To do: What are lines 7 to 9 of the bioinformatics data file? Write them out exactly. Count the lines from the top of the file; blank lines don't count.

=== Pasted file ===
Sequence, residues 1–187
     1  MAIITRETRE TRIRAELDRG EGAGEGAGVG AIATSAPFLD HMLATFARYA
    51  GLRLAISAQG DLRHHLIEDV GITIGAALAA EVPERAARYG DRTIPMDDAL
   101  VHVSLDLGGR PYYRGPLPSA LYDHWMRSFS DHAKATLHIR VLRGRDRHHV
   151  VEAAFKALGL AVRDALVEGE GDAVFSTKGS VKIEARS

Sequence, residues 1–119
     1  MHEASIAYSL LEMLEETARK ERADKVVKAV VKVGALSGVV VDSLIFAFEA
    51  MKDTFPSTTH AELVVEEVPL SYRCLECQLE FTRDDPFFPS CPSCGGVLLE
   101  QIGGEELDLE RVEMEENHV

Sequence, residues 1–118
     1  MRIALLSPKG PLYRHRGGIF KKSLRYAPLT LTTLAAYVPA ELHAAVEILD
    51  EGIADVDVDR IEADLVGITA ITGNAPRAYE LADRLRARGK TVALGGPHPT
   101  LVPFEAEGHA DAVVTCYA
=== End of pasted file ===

     1  MHEASIAYSL LEMLEETARK ERADKVVKAV VKVGALSGVV VDSLIFAFEA
    51  MKDTFPSTTH AELVVEEVPL SYRCLECQLE FTRDDPFFPS CPSCGGVLLE
   101  QIGGEELDLE RVEMEENHV